The Lactose Intolerance Clearinghouse Has Moved.

My old website can be found at www.stevecarper.com/li I am no longer updating the site, so there will be dead links. The static information provided by me is still sound.

For quick offline reference, you can purchase Planet Lactose: The Best of the Blog as an ebook on Smashwords.com or Amazon.com or BarnesandNoble.com or a whole lot of other places that Smashwords is suppose to distribute the book to. Almost 100,000 words on LI, allergies, milk products, milk-free products, and the genetics of intolerance, along with large helpings of the weirdness that is the Net.

I suffer the universal malady of spam and adbots, so I moderate comments here. That may mean you'll see a long lag before I remember to check the site and approve them. Despite the gap, you'll always get your say. I read every single one, and every legitimate one gets posted.


Thursday, January 14, 2010

High Quality Dairy? Still a No.

Using local foods for baking? Fine with me. Finding only the best ingredients? Great. Saying that high-quality makes dairy okay? Whoa. That's just not so.

Lea Calderon-Guthe wrote an article on a new Vermont chocolate shop in the Middlebury College student weekly. She quoted Stephanie and Andy Jackson about their store.

The simplicity of Middlebury Chocolates' truffles stems mainly from its all-natural, mostly local ingredients.

The Jacksons use no refined sugar — only Vermont maple syrup and honey as sweeteners, and most of the truffles are made with coconut milk for a smoother texture and a lower dairy content so that they are more agreeable with dairy-sensitive diets like Andy and Stephanie's. Most truffles need butter, however, so the Jacksons still pay homage to the local dairy industry.

"They're not completely dairy-free, but the dairy quality up here is so high that we can handle it a lot better, actually," Andy said. "We also want to keep everything incredibly fresh and just nurture the natural flavors, and the best way to do that is to keep things as local as possible."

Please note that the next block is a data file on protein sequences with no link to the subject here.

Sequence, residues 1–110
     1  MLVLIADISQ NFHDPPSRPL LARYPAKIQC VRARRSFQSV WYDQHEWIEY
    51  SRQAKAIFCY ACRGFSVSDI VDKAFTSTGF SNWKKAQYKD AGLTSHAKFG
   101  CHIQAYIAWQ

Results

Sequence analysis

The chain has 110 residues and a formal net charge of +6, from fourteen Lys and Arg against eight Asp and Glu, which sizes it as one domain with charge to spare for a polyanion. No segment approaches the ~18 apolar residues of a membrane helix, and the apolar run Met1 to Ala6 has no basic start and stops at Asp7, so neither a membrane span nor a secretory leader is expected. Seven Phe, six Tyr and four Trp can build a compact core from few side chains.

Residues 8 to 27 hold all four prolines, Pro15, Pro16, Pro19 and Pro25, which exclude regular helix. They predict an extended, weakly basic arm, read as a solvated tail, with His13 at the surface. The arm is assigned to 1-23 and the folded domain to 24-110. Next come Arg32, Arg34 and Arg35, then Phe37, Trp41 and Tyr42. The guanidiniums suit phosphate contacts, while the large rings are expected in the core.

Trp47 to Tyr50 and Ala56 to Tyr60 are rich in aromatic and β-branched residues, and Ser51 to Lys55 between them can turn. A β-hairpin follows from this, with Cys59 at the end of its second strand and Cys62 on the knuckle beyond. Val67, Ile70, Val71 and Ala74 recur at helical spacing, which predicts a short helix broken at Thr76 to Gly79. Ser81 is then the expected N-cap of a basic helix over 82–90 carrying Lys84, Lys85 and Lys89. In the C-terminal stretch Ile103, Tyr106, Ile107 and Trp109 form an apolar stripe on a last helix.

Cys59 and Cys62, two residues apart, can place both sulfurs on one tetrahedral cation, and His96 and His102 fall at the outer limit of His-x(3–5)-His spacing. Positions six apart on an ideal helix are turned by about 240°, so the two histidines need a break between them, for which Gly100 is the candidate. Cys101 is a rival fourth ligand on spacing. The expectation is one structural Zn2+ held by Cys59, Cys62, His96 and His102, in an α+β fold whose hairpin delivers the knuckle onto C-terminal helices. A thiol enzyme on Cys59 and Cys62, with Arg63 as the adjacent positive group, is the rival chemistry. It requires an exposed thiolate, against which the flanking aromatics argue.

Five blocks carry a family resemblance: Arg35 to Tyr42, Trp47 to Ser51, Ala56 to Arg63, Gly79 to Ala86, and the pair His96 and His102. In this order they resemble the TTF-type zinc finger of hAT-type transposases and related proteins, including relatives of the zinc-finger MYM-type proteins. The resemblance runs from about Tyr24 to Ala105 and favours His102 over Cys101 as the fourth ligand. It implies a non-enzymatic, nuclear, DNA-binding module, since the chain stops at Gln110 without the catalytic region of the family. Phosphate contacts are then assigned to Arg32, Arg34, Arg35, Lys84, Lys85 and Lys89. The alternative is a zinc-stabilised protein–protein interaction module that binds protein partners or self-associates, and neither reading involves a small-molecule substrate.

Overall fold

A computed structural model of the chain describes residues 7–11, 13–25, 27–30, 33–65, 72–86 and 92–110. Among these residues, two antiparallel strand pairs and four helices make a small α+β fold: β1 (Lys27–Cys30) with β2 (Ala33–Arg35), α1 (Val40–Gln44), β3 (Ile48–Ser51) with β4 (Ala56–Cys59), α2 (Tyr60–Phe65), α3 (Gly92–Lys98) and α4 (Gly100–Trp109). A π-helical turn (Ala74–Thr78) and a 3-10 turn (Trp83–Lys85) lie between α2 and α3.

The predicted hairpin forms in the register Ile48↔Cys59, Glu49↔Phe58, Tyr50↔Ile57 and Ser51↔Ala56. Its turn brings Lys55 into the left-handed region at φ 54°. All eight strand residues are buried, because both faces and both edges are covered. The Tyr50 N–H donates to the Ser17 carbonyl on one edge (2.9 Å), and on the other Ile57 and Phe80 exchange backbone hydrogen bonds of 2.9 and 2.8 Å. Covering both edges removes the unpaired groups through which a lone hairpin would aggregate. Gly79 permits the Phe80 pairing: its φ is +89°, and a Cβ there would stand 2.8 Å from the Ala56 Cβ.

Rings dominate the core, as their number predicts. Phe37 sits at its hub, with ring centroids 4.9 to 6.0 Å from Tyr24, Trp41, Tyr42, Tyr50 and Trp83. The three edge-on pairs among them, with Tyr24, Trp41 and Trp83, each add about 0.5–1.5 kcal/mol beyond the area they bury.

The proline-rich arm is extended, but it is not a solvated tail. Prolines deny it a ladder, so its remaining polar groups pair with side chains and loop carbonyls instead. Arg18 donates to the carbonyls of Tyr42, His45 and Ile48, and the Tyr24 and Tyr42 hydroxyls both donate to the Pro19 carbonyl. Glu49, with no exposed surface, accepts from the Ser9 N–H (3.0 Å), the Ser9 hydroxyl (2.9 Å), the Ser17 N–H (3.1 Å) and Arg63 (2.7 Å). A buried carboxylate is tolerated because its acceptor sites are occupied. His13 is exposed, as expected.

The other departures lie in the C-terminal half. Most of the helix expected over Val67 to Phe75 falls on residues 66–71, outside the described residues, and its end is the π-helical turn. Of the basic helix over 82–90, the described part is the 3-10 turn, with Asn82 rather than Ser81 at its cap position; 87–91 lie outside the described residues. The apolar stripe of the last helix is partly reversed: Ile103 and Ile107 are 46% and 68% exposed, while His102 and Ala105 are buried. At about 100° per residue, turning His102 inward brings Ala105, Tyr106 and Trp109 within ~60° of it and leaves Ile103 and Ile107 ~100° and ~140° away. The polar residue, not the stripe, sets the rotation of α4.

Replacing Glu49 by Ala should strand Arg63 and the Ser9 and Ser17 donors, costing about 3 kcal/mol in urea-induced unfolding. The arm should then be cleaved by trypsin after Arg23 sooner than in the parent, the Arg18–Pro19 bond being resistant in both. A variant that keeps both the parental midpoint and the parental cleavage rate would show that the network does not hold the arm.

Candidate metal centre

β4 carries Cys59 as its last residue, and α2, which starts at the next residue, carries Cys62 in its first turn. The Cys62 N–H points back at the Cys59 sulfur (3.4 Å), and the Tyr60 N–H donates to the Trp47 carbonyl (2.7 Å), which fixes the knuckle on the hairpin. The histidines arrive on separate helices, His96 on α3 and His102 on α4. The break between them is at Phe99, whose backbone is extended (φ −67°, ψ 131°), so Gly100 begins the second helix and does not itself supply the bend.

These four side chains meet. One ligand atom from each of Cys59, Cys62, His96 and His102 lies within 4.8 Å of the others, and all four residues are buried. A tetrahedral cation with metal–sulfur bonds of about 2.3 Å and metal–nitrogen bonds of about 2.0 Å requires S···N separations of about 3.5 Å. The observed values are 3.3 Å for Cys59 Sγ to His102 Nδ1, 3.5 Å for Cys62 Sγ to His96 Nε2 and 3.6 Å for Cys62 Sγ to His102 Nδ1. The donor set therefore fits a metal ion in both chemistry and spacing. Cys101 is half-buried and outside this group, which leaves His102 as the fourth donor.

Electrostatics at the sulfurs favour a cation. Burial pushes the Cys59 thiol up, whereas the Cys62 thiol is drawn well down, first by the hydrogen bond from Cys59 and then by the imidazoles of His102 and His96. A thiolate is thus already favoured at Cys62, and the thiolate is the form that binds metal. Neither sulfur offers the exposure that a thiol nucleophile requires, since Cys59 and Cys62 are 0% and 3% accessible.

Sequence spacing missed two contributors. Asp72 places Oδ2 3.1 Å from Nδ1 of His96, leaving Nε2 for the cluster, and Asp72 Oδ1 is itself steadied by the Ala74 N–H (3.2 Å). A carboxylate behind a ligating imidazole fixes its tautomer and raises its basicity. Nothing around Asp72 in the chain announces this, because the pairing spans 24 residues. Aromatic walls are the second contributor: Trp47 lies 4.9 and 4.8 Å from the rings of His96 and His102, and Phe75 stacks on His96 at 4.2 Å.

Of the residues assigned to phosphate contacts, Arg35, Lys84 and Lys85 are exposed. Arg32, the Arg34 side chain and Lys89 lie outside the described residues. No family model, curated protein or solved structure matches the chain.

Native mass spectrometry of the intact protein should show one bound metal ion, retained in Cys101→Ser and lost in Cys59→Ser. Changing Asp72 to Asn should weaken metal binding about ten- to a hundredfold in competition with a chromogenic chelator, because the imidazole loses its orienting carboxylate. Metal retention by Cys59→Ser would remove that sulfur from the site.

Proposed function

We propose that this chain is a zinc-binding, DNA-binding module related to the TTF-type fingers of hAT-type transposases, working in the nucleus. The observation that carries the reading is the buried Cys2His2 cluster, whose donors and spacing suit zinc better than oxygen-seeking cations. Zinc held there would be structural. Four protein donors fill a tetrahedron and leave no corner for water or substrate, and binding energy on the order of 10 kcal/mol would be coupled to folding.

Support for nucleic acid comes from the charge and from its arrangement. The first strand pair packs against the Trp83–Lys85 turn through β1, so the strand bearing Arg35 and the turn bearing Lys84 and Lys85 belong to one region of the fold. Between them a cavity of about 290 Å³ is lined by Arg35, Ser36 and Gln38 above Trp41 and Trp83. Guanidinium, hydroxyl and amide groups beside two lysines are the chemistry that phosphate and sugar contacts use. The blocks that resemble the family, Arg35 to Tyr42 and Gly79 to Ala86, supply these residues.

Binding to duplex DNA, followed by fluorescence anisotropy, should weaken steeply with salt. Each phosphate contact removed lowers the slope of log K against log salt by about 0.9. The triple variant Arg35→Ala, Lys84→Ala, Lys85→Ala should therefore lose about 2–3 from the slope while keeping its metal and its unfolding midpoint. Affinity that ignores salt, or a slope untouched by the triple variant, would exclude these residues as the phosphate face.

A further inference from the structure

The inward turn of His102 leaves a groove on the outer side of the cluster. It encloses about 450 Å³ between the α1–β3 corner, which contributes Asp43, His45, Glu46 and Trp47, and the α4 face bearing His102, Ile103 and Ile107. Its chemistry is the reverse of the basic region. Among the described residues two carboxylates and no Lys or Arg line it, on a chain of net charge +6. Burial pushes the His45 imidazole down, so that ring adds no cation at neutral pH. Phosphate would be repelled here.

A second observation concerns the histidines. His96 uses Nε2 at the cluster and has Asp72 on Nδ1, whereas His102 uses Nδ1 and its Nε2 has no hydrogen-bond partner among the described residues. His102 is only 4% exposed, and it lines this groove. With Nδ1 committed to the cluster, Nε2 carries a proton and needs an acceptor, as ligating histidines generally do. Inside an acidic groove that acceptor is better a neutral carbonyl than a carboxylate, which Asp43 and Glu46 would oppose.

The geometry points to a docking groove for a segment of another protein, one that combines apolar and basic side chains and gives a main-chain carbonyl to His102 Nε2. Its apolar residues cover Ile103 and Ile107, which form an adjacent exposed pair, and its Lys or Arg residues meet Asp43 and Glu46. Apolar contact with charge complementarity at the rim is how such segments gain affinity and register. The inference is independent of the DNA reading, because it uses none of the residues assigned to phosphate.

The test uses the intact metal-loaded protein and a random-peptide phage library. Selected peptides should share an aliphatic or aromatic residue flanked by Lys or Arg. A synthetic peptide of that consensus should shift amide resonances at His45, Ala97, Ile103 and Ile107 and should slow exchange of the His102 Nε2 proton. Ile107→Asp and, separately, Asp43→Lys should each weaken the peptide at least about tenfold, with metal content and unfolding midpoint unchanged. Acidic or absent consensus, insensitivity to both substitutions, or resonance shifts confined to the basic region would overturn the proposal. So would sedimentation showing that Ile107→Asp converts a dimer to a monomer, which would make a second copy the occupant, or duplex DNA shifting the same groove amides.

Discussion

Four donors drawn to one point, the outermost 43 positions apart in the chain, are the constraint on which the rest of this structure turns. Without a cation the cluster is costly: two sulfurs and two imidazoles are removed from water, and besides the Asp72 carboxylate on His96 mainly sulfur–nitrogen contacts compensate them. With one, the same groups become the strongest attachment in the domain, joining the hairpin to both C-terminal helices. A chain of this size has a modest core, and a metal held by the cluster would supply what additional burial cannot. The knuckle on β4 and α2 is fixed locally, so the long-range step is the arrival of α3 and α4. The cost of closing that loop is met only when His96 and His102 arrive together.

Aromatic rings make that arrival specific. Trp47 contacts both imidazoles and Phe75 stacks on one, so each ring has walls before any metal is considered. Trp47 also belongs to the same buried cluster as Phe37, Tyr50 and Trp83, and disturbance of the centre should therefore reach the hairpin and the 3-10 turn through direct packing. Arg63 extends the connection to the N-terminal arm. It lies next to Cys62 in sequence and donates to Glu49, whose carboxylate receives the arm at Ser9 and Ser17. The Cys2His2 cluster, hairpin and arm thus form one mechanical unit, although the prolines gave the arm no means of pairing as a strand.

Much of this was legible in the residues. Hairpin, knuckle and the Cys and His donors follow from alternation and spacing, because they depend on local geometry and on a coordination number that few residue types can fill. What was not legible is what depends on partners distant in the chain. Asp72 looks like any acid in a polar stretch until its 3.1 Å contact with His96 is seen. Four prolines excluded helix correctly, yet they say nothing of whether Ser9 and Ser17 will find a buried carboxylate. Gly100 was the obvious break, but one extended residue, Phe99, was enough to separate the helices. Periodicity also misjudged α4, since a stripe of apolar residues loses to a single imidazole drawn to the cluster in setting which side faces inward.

This is what I hope they meant. Butter is naturally low in lactose. If you use a dairy substitute to take most of the lactose out of the recipe, what remains in any given truffle would be low enough so that most people with lactose intolerance could undoubtedly have one with no symptoms. That would be true no matter what the quality of the dairy. (And how many chocolate gourmet truffles are made with low-quality butter in the first place?)

For those with dairy allergies, butter remains off limits, period. Same for vegans.

Quality is a good thing. I'm all for it. Quality is more an issue for our taste buds than for our intestines, however, which stubbornly persist in reacting to individual molecules. I'd have a truffle made with no dairy except lactose. I just wouldn't advice someone with an allergy to do the same.

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1 comment:

Andy Jackson said...

Great post, and I would certainly agree that those with lactose intolerance should steer clear of any dairy regardless of quality. In that particular quote, Stephanie and I were actually pertaining to our own struggles with dairy, which unfortunately stems from celiac... both of us actually have serious bodily opposition to dairy from cows that are raised on grains, whereas we are much more receptive to dairy from cows which are mostly grass-fed. In that regard, we have both noted a significantly higher tolerance (in general) for local dairy here in Vermont. I refer to it as "higher quality" dairy because, as most people will also note, dairy that comes from grass-fed cows simply tastes better and typically has better properties in reference to cooking or confections. This all may be beside the point as very few of our truffles contain any butter/dairy at all. Most of our truffles are 100% dairy free... feel free to contact me if you are interested in a complimentary sample.